– Unit 2: People and the Planet (1 hour 15 min exam – 25%)
In this unit we look at the ways in which people live on the planet and how we interact with our physical environments: Population Dynamics, Consuming Resources, Globalisation, Development Dilemmas, the Changing Economy of the UK or Changing Settlements in the UK, Challenges of a Rural World or Challenges of an Urban World
– Unit 3: Geographical Decisions (1 hour 30min exam – 25%)
During the course students will develop a range of skills and they will use these, along with their knowledge and understanding to make decisions about a topical, contemporary issue in an exam. The questions are based on unseen materials provided in a resource booklet.
– Unit 4: Controlled Assessment (25%)
In this assessment students will write up the fieldwork they have completed under controlled conditions and this will be marked by their teachers.
Fieldwork is an essential component of geography and allows students to develop a deeper understanding of the theory they have studied in the classroom. All students have the opportunity to take part in a residential fieldtrip in Year 10.
How will I be assessed?
This GCSE is available as both a Higher (A*-C) and Foundation (C-G) paper There are 3 short exams (1 hour) and 1 piece of controlled assessment.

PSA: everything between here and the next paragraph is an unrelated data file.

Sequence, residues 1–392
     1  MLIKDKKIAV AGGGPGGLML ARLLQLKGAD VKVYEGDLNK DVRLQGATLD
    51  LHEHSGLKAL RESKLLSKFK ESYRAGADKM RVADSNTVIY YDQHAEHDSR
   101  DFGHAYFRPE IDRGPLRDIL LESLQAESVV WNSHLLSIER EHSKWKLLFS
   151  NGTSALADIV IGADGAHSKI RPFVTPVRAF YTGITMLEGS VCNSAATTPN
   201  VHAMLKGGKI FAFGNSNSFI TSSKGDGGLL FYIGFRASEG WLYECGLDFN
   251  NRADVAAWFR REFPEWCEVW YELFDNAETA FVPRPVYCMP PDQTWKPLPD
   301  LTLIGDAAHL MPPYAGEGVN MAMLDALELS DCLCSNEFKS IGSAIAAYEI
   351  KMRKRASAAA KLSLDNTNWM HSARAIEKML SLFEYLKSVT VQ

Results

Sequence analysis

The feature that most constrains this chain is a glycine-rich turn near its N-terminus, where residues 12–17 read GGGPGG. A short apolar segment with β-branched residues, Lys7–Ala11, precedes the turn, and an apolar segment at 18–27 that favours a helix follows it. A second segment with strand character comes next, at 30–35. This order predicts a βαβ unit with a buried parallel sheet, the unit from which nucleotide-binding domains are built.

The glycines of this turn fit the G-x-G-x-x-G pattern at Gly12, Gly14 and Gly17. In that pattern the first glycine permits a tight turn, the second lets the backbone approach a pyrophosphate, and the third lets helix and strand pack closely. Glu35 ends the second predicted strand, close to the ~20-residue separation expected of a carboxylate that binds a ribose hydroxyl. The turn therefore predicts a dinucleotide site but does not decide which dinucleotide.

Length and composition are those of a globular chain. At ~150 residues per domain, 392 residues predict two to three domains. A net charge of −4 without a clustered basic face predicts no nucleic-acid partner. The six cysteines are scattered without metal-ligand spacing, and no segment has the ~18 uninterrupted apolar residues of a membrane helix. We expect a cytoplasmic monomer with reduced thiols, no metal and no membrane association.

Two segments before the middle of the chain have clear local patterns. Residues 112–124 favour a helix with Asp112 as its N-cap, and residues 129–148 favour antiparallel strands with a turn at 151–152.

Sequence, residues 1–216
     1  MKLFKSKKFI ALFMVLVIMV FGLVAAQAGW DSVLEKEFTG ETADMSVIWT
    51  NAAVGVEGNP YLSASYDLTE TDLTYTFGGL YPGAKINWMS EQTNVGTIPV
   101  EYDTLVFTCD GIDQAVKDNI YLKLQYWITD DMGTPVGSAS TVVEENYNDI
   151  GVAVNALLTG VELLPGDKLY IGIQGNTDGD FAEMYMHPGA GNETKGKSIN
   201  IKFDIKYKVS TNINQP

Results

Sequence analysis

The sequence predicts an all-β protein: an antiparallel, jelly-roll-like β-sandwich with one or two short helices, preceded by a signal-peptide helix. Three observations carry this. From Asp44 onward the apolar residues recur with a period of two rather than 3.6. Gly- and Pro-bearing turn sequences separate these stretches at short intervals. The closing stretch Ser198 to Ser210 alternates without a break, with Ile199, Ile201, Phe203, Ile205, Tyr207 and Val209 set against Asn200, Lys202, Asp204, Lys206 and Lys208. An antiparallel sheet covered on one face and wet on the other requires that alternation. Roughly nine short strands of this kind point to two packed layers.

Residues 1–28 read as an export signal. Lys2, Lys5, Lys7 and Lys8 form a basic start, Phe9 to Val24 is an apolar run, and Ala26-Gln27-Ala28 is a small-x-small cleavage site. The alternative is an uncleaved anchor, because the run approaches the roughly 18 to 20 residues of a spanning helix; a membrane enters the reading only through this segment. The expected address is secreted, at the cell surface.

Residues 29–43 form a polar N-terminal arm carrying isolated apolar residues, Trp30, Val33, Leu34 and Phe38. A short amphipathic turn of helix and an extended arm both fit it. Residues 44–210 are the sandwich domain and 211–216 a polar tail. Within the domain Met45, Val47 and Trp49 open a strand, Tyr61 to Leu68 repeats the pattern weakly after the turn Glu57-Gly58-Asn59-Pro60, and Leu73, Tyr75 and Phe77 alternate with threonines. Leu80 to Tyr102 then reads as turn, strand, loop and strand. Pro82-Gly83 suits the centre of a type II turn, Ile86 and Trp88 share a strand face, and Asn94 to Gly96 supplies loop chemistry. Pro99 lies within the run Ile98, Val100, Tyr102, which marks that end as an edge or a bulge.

A level geography is an excellent choice for students. It is a facilitating subject which means it is recognised by leading universities as one of the subjects most likely to be required or preferred for entry to degree courses, and choosing them will keep more options open to you at university. Geography is also a highly respected subject amongst employers as it develops a range of transferrable skills in students and demonstrates academic rigour. The department offers the Edexcel course which is a contemporary and engaging course which will particularly suit students who are interested in current affairs and in understanding the changing world around them.
Within the 1st year course we aim to investigate the meaning, causes, impacts and management of global challenges and how we can influence global challenges through our own lives. The 2nd year focuses on the use and management of world resources and that many resources are finite. It also recognises that consumption patterns highlight stark inequalities between regions, countries and groups of people.